The ADA prohibits discrimination by specific entities, including private employers, against individuals with disabilities and, in some instances, against individuals perceived to be disabled. Specifically, "[n]o covered entity shall discriminate against a qualified individual on the basis of disability in regard to job application procedures, the hiring, advancement, or discharge of employees, employee compensation, job training, and other terms, conditions, and privileges of employment." 42 USC § 12112. To seek protection under the ADA, Doby must show both that she is disabled and a "qualified individual." Snead v. Metro. Prop. & Cas. Ins. Co., 237 F.3d 1080, 1087 (9th Cir 2001) (citation omitted). In federal court, the standard for establishing a disability discrimination claim under Oregon law is identical to that used in the ADA. Snead, 237 F.3d at 1087, citing ORS 659.449 (Oregon's discrimination laws "shall be construed to the extent possible in a manner that is consistent with any similar provision of the federal Americans with Disabilities Act of 1990, as amended").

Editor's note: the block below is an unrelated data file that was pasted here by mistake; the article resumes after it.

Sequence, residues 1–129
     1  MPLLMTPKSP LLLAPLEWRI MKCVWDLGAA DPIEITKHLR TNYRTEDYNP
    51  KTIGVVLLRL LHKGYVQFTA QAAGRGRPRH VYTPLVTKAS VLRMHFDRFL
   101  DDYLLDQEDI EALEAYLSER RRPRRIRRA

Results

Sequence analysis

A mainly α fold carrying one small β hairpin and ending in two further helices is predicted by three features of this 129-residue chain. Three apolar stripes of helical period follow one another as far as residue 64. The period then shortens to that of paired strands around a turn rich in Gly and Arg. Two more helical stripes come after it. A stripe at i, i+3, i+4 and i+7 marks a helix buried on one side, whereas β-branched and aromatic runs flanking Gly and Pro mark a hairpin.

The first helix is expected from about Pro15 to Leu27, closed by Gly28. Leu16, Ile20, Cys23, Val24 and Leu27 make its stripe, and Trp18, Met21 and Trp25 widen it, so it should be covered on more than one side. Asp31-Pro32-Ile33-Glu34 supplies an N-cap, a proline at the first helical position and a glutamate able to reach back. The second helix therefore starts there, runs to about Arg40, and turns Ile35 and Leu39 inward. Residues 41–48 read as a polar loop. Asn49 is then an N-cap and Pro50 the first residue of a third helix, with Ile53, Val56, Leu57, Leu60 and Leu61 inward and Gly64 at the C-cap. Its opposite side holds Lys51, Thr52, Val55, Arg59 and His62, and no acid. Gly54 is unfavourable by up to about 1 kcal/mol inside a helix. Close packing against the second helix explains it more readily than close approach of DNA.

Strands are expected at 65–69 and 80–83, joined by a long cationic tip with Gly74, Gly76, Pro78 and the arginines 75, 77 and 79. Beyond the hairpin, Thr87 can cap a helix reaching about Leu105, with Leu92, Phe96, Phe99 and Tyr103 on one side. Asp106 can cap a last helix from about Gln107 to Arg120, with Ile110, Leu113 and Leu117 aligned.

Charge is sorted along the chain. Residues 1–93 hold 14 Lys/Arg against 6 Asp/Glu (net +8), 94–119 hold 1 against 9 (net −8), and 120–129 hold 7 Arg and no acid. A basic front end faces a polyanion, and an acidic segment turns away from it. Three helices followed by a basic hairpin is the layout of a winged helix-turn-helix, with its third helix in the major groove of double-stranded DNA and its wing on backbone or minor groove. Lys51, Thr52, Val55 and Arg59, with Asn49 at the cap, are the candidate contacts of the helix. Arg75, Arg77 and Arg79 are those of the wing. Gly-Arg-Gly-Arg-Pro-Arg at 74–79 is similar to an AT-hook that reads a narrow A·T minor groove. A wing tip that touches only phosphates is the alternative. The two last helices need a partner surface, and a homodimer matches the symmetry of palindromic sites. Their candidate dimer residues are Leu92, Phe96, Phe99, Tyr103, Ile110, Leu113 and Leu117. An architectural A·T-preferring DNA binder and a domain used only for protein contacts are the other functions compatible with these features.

Defendants first argue that Doby is not disabled under the ADA or Oregon law. The ADA defines an individual with a disability as someone who: (1) has a physical or mental impairment that substantially limits one or more of the individual's major life activities; (2) has a record of the impairment; or (3) is regarded as having an impairment. 42 USC §12102(2)(A). Only Doby's disability claims under the "actual disability" prong remain.
The "actual disability" prong requires: (1) a physical or mental impairment; (2) that substantially limits; (3) one or more of the individual's major life activities. An impairment is a disability within the meaning of this section if it substantially limits the ability of an individual to perform a major life activity as compared to most people in the general population." 29 CFR § 1630.2 (j)(1)(ii). In other words, the individual is "[s]ignificantly restricted as to the condition, manner, or duration under which an individual can perform a major life activity as compared to the condition, manner, or duration under which the average person in the general population can perform that same major life activity." 29 CFR § 1630.2 (j). The EEOC Regulations list OCD as an example of a per se disability - an impairment that will "virtually always be found to impose a substantial ...